What are the elements of a good quality of life? Good, accessible and affordable health care. Being able to pay your bills. Living in a welcoming home. Having a job with a wage that reflects the value of your work. Knowing your kids can get a good education in our public school system, our community colleges and our universities. Knowing that when you have a child, or you adopt a child, you will have the time to care for these infants, and not worry about working for a while. Knowing that as they grow up, you will have the ability to teach them, instilling thoughtfulness, consideration, and, of course, love, into their lives and souls.
A good quality of life means that as you age, you don’t have to worry about having enough money for your groceries and your housing. You are able to have a community of friends and family, not isolated in worry, debt and poverty. A good life includes a vibrant and sharing culture, in which we talk, have eye contact, argue and drink beer and coffee in real time with real people.
How much does this good quality of life cost? When you add in housing, health care, child care, food, transportation, taxes and other necessities like your phone and internet, a very low-ball estimate is about $52,000 for a family with one adult and one child and $70,000 for a family with two adults and two kids. (And this doesn’t include savings for retirement.) In terms of wages, that is about two-and-a-half times the minimum wage for that single mom and her child, and about twice the minimum wage at full-time for both parents working with two kids. Here is the problem: The wage of the average worker is $25 an hour. That means that half of all workers make less than $25 an hour, which means that they are on the margins of insecurity, falling away from a good quality of life.
Could we in Washington state do something different and enable all citizens the ability to earn enough money for a good quality of life and be able to enjoy an peaceful retirement? Of course. This universal good quality of life, adding up all households in our state, would cost about $225 billion a year. Our current state personal income is $350 billion. The problem is that with money migrating to the very top, the incomes of the middle class have been stagnant. That is no way to have a mutually beneficial and good and healthy quality of life.
This increasing insecurity is the product of conscious public policy decisions to act and not to act. For example, there is a law on the books for gradually increasing the wages of child care teachers. Right now these wages hover around $11 an hour, enabling a child care teacher to work her way deeper into poverty! And she will continue to do this, because the Legislature fails to fund the policy for gradually increasing wages which they voted into law in 2005.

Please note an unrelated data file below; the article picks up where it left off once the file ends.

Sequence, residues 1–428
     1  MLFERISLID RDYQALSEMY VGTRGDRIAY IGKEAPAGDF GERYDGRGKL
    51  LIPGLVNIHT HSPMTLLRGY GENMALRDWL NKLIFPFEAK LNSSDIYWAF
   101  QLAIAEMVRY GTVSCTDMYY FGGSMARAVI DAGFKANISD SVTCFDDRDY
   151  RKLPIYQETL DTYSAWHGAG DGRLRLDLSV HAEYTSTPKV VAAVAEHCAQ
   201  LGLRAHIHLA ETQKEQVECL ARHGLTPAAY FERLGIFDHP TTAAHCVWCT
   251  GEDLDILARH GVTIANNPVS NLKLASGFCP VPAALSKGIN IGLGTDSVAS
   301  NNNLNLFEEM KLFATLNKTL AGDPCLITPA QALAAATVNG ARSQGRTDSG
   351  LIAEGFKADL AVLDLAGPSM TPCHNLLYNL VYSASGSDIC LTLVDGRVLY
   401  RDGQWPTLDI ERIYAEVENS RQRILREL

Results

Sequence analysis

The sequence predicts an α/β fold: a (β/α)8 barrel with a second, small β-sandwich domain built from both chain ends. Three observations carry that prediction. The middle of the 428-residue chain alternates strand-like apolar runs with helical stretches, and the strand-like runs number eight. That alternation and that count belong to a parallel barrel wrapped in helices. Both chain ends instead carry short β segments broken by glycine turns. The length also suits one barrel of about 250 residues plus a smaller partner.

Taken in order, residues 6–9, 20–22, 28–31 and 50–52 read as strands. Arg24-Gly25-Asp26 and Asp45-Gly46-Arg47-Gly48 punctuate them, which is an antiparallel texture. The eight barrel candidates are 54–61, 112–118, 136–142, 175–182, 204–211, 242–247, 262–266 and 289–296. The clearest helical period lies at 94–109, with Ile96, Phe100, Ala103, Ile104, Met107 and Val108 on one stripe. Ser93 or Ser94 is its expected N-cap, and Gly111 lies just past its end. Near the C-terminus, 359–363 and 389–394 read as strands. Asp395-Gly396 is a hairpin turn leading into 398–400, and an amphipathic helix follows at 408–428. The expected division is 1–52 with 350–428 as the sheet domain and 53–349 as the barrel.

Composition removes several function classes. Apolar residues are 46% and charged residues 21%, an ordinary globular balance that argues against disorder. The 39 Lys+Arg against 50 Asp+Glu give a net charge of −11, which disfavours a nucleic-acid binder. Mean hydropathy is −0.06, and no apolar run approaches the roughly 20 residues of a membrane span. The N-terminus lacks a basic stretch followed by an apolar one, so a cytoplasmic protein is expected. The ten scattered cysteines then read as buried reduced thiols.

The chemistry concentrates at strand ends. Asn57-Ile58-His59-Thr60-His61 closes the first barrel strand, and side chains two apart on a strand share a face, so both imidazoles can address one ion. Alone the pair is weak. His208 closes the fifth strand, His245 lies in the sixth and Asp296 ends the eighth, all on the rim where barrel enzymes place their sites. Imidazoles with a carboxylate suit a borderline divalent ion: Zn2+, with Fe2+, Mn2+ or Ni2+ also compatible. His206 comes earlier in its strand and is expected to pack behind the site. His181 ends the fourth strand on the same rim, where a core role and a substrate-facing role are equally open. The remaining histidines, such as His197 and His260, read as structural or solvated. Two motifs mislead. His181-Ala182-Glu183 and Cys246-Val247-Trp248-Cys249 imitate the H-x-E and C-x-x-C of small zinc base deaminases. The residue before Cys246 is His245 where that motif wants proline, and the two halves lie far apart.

Similarly, there is no constitutional prohibition against taxing the income of the very wealthy. By not taxing that income, the incentives encourage piling money on top of money for the already privileged, and create a feedback mechanism that encourages employers to push down wages for their workers. At the same time, public services, such as higher education, are starved for tax revenue and priced out of reach for middle class families.
There are numerous similar acts and omissions of public policy that undermine a good quality of life in our state. It is not enough to get depressed at the insecurity of our neighbors, our children, our parents or ourselves. It is not the natural order of things. We do have the power to create laws that insure elemental things like health care, education, retirement security, a balance of work and family. Legislators won’t act if we cower in discontent and depression. We have to express ourselves and build a new reality, if not for ourselves, then at least for our kids and their kids. That’s possible, in a democracy, after all.
John Burbank is the executive director of the Economic Opportunity Institute, www.eoionline.org. Email him at firstname.lastname@example.org.